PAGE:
I do not apologise for taking up the time of the House at this late hour, because this question leaves much bitterness in the minds of those involved. The Parliamentary Secretary's arguments were fallacious. He drew a distinction between the position of the owner-occupier and that of the owner of a tenanted house. He said that the landlord's position was a commercial one. How can that be when the rent has been controlled to a point where it is uneconomic? He said that the owner-occupier had put his savings into buying his own home. We learn from the famous speech the Minister made on Second Reading that we are talking, in the main, about many people who put their life savings into property in the hope that it would supplement their pension on retirement. These people are just 1855 as worthy of consideration as are owner-occupiers. The House is in danger of saying that there is justice for one section of people and injustice for another.
§ Amendment negatived.
§ Amendment made: No. 108, in page 41, line 12, leave out 'paragraph 1 of'.—[Mr. Ifor Davies.]
§ Mr. E. Rowlands
I beg to move Amendment No. 109, in page 41, line 20, leave out 'begun' and insert 'not completed'.
This is my last fling on the Bill. I hope that I, like hon. Members opposite can have one triumph. Whether or not my Amendments would achieve the purpose I intend, I have at least declared my intention, which is to give the compensation terms set out in the Bill to people who are not covered by the dateline 23rd April, 1968. Since Second Reading all my prophecies have come true. To give one graphic illustration, in my constituency, consequent upon a slum clearance order which was begun in June, 1967, having been confirmed two weeks ago, we have to tell the people covered by the order that they will be paid compensation which the Bill recognises to be grossly unjust. This is intolerable and will damage the tremendous improvement made by the Bill, which has done more for compensation to people in possession of slum property than any Measure introduced by any Government.
Do we wish to create a new set of hardship cases, in the shape of the people who are excluded? My right hon. Friend will say that we must draw the line somewhere, but we can draw a line that removes from the hardship cases many more householders. Those who have not yet been paid and are occupying their own homes could receive the new compensation terms.
Last Saturday, I saw a constituent who expects only £40 for her house, when she paid about £150 for the freehold two or three years ago. We recognise in the Bill that this sort of thing is grossly unfair and is intolerable injustice to individuals. Am I to tell her that although she has not been paid off and has not yet left the house, and although the Bill will possibly be law before she leaves it, she will still have to be paid the compensation now condemned by Parliament as being grossly unfair?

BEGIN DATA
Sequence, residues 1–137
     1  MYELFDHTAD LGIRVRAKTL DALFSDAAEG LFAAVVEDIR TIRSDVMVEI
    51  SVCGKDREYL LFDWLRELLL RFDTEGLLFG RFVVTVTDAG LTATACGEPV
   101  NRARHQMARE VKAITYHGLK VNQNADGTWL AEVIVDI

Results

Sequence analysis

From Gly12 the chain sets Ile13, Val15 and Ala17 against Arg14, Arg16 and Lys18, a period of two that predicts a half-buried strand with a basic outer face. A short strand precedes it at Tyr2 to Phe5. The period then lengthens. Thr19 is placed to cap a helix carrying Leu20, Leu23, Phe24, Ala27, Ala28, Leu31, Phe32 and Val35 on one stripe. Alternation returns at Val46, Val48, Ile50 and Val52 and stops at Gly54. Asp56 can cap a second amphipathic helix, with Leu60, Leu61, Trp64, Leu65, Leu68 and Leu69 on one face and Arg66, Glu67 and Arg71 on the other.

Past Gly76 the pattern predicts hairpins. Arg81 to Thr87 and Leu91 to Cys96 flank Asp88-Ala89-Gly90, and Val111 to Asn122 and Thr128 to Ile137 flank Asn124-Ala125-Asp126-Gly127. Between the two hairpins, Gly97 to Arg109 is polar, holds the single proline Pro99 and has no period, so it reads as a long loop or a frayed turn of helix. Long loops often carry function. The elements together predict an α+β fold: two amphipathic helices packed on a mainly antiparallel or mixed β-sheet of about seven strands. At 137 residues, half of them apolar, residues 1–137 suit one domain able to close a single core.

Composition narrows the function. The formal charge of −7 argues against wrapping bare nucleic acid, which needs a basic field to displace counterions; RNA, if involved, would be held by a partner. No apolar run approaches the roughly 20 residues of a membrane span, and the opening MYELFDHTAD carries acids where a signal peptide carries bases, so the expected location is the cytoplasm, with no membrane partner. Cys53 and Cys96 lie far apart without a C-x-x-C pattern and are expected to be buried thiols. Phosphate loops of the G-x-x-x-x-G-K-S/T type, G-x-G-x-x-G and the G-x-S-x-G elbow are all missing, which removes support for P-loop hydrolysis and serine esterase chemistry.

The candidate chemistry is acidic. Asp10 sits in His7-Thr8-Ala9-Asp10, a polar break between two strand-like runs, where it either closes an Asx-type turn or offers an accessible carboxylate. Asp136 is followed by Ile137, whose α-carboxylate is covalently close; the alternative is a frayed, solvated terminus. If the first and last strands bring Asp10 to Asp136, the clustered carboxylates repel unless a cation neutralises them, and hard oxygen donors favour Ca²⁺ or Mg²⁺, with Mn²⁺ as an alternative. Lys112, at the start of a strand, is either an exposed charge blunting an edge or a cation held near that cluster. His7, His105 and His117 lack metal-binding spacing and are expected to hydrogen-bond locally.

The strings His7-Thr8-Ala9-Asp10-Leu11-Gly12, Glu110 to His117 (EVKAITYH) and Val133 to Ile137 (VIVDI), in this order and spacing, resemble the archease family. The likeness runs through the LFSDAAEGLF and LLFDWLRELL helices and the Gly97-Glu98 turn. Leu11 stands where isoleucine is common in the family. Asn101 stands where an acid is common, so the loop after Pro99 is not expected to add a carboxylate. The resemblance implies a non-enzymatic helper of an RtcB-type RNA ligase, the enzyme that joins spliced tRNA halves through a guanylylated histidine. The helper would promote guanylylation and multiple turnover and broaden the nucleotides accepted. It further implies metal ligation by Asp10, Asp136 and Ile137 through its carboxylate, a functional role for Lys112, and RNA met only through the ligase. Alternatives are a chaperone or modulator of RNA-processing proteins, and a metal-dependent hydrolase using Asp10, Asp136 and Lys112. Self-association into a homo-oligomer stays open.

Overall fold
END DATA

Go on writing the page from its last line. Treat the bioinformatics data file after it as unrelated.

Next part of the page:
1856 Some people will have a terrific sense of being done out of their just compensation if we do not pass an Amendment to provide for those cases of hardship that we can identify of those in their own homes who have not yet been paid compensation. They should receive the new terms of compensation in the Bill.
It is not difficult to do this, even if my Amendment may not be a satisfactory way of achieving it. The intention behind it is to bring in many more people who would otherwise suffer hardship as a result of these anomalies.
§ Mr. Clegg
I congratulate the hon. Member for Cardiff, North (Mr. E. Rowlands) on the way in which he moved his Amendment. What he said makes a great deal of sense.
I would underline the sense of bitterness that will remain with those who are still in their houses, but will move out with much less compensation than somebody across the road in almost exactly similar circumstances will receive. We heard in Committee how many people this would affect. The Government could well make this change in the Bill. There is a great feeling in the North as well as in Wales about this matter. The Government have been generous, and they have a chance here to be even more generous. When Parliament has a chance of taking away real bitterness over unequal treatment, why cannot we put the situation right, even at this last stage of the Bill? I do not know.
§ Mr. Maddan
When Sir William Teeling was retiring as the Member for Brighton, Pavilion, representations were made to me on behalf of two constituents there who have fallen between two stools in exactly the way suggested here. Because they became owner-occupiers at the wrong time they are being offered a trifling sum compared with what they would otherwise have.
Compulsory purchase exists because of public policy and the carrying out of development to meet a public need. Whenever this happens there are anxieties, fear and resistance—and often long-drawn-out proceedings as a result. Until we make our compensation practice fair, without all the anomalies, there will always be resistance, delay, dissatisfaction and public unease, and there can 1857 be no justification for allowing this to continue.
I hope that the Government will listen to these pleas and will take the opportunity of the Bill to put the matter right.
§ 11.0 p.m.
§ Mr. MacColl
I do not want to appear to be ducking the issue that was put so effectively to the House by my hon. Friend the Member for Cardiff, North (Mr. E. Rowlands), but the particular subsection to which he has attached his Amendment is a narrow subsection indeed. There is a later Amendment, No. 142, and subsequent Amendments, which deal more directly with the principle that he has discussed. I feel that it would be more appropriate at that time to deal with the arguments he has put forward.
The particular subsection deals with matters such as the definition of "family" and closing orders which may qualify for special preferences, and a number of points in regard to the regulations. But the principle of the matter will, as I say, arise more properly on the later Amendment I have mentioned.
§ Amendment negatived.